House Bill 2624 would encourage individuals to enroll in comprehensive health insurance rather than remaining on a short-term plan. The measure would limit short-term coverage to 180 days within a year. The Obama Administration limited the time an individual could stay on a short-term plan in 2016. President Trump has proposed reversing this ruling and allowing individuals to stay on short-term, limited duration insurance plans for a year.

“President Trump wants to extend the length of time individuals can stay on a short-term health insurance plan, driving up the cost for everyone on the exchange,” Steans said. “These plans can also hurt consumers by not providing full medical coverage and leaving patients with high medical bills.”

Short-term, limited duration insurance plans are exempt from many of the Affordable Care Act’s mandates and often provide less coverage to consumers. House Bill 2624 would require short-term policies to disclose to consumers that the plan might not cover all medical bills.

“This legislation is about protecting consumers and the insurance exchange in Illinois,” Steans said. “It is clear that the Trump administration does not have consumers’ best interest at heart, so as a state we need to step up and protect patients from enrolling in plans that won’t cover their expenses.”

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Measure would improve efficiency of Human Rights Commission

SPRINGFIELD – To expedite discrimination case decisions and clear the backlog of claims, the Senate recently approved State Senator Heather Steans’ (D-Chicago) measure to restructure the Human Rights Commission.

“The Human Rights Commission is an important avenue for individuals who have been discriminated against or harassed to resolve their complaints,” Steans said. “Due to the current structure and process, a backlog of cases has developed over time. To expedite cases, I worked to restructure the commission to ensure that cases are addressed quickly and efficiently.”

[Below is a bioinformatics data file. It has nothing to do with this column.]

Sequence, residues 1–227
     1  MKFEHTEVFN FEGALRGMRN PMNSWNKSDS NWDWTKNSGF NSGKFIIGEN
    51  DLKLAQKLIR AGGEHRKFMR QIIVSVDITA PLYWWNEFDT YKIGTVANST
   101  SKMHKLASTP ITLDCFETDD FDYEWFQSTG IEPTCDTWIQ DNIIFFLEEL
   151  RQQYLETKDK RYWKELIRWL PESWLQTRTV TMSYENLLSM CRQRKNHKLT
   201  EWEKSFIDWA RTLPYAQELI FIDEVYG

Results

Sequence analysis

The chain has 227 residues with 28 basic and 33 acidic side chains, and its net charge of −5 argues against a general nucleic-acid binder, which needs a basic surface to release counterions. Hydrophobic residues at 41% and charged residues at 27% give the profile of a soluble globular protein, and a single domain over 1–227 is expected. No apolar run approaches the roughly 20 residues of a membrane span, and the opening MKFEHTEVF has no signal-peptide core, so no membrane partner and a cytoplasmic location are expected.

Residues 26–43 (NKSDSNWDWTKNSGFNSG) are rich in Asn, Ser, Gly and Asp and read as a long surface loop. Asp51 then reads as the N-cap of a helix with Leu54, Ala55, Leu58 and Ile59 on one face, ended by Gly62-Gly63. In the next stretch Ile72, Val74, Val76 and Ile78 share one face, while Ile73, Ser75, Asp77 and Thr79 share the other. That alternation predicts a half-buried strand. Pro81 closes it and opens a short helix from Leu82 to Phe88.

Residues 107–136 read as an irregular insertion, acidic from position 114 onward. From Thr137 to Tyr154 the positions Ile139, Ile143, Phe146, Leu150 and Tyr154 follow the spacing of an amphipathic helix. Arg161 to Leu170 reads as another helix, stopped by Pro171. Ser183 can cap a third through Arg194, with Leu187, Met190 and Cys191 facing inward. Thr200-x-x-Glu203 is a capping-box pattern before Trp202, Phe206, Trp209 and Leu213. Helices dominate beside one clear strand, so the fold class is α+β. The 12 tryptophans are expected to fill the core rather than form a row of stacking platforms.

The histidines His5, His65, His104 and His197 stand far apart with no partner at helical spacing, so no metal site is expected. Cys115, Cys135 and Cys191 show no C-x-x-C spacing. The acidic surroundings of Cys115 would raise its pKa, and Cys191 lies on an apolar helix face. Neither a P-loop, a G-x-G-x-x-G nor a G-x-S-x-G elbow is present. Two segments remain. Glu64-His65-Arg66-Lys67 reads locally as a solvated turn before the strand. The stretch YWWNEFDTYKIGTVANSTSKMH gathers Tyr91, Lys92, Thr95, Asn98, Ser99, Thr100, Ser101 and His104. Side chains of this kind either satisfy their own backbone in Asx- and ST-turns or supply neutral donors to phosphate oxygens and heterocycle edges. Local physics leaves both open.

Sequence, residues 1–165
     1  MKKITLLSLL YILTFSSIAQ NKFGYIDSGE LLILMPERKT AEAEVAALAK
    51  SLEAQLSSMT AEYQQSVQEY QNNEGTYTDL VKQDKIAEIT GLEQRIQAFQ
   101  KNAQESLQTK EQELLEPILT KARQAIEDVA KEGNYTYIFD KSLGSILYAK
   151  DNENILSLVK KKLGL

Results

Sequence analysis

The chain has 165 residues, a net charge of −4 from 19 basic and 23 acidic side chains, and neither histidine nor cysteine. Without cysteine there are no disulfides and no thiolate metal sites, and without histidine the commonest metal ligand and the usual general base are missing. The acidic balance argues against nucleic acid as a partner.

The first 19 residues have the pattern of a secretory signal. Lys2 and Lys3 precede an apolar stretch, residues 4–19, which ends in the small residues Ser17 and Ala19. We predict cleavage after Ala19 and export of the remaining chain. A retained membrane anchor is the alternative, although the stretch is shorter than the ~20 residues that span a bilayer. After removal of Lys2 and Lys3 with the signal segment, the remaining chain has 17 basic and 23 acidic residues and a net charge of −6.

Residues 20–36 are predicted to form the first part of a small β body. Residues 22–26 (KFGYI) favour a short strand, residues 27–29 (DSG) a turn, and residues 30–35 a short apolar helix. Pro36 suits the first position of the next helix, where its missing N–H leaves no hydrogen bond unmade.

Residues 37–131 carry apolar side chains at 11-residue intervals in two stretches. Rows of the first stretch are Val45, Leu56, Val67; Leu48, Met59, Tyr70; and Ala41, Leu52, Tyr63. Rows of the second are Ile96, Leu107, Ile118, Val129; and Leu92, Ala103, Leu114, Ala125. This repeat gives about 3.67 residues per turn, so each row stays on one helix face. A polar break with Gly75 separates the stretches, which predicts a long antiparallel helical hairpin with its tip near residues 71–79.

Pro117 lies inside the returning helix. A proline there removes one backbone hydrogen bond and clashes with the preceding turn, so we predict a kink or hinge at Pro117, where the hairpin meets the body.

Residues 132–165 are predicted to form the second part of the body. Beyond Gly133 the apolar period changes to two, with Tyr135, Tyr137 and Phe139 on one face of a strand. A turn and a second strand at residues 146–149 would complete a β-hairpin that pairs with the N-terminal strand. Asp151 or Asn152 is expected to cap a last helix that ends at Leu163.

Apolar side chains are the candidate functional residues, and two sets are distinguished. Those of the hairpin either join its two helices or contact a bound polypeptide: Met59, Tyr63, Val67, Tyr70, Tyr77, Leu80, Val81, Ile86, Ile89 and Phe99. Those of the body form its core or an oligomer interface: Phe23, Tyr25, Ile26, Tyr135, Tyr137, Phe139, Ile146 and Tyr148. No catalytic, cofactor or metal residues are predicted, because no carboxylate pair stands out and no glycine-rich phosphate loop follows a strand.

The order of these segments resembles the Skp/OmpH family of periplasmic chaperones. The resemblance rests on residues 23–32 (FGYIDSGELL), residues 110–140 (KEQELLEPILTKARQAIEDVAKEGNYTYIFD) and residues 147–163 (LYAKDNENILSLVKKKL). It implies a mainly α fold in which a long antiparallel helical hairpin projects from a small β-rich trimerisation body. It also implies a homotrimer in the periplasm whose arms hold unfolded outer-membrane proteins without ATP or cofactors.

Senate Bill 20 would change the Human Rights Commission from 13 part-time commissioners to seven full-time, dedicated commissioners. Additionally, it creates a temporary three-person panel to address the backlog of cases. To prevent a future buildup of cases, it streamlines the administrative process and removes duplicative steps.

In March 2017, Gov. Bruce Rauner issued an executive order to consolidate the Human Rights Commission with the Department of Human Rights. However, the executive order did not take effect following the House’s passage of a resolution disapproving the order.

“This legislation supports both employees and employers. It is the result of extensive negotiations to address issues with the governor’s executive order,” Steans said. “The governor’s order would have given one organization the power to both investigate and judge discrimination cases.”

Senate Bill 20 extends the time individuals can file a claim from 180 days to 300 days, consistent with federal laws. It also requires the Human Rights Commission to publish its decision, creating a precedent on rulings for future cases.